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Opinion piece by Peter Eriksson, Minister for International Development Cooperation
Opinion piece by Peter Eriksson, Minister for International Development Cooperation, in the newspaper Dagens Nyheter in connection with the Government’s increased support to the countries of Eastern Europe, the Western Balkans and Turkey. Published on 17 March 2019.
Strategy for Sweden’s global development cooperation in sustainable economic development 2018-2022
The objective of Swedish international development cooperation is to create preconditions for better living conditions for people living in poverty and under oppression.
Guidelines for strategies in Swedish development cooperation and humanitarian assistance
Guidelines for strategies are intended for the Government Offices, the Swedish International Development Cooperation Agency (Sida), the Folke Bernadotte Academy (FBA), Swedish missions abroad and, where applicable, also for other government agencies commissioned by the Government to implement strategies for development cooperation.
Sweden’s work on global health – implementing the 2030 Agenda
The 2030 Agenda offers us a new opportunity to influence and help improve the health situation for people in Sweden and globally. By acting globally, we create conditions for positive developments in our own country while also contributing to, and taking responsibility for, positive developments in the world at large. The document Sweden’s work on global health seeks to bring together and consolidate existing strategies, priorities and policies with the aim of setting out a clear and common agenda and creating the conditions for more effective communications, increased collaboration and, ultimately, more impactful Swedish action.
Strategy for Sweden’s global development cooperation in sustainable social development 2018–2022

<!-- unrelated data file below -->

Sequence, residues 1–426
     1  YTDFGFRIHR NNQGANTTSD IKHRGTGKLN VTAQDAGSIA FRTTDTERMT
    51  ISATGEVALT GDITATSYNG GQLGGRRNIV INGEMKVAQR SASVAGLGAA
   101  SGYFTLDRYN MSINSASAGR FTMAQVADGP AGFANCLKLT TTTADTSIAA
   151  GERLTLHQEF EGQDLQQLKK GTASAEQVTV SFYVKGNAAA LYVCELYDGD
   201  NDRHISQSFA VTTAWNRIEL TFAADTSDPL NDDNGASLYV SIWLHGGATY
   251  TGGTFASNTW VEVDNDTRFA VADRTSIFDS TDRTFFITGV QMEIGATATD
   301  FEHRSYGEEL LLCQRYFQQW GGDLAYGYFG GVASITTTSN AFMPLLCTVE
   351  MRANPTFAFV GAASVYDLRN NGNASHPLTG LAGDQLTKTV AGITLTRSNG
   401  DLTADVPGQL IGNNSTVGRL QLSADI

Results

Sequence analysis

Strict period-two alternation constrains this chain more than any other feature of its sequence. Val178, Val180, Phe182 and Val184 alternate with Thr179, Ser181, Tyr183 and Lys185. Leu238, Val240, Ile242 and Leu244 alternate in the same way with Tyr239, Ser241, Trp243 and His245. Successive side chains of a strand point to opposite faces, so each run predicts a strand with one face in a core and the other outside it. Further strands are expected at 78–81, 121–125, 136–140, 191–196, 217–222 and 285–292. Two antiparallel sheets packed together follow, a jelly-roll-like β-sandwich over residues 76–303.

The objective of Sweden’s international development cooperation is to create opportunities for people who live in poverty and oppression to improve their living conditions.
Policy for global development in the implementation of the 2030 Agenda, Skr. 2017/18:146
In the communication, the Government reports on, for example, its work on the policy for global development (PGD) during the years 2016–2017 within the scope of the 2030 Agenda and its Global Goals. The 17 goals and 169 targets are universal and indivisible and integrate the three dimensions of sustainable development: economic, social and environmental.
Strategy for Sweden's cooperation with the United Nations Children's Fund (UNICEF), 2018–2022
This strategy forms the basis of Sweden’s cooperation with the United Nations Children’s Fund (UNICEF) during the period 2018–2022.
Government approves support to Global Environment Facility
The Government today decided to contribute more than SEK 2 billion to the seventh replenishment of the Global Environment Facility (GEF-7). Sweden will thereby increase its contribution to the GEF by more than 50 per cent for the period 2018–2022, compared with 2014–2018. This makes Sweden the sixth largest donor overall and the largest per capita donor. In total, replenishment pledges total SEK 34 billion (USD 4.1 billion). This decision reflects what was announced by the Government in the Budget Bill for 2018.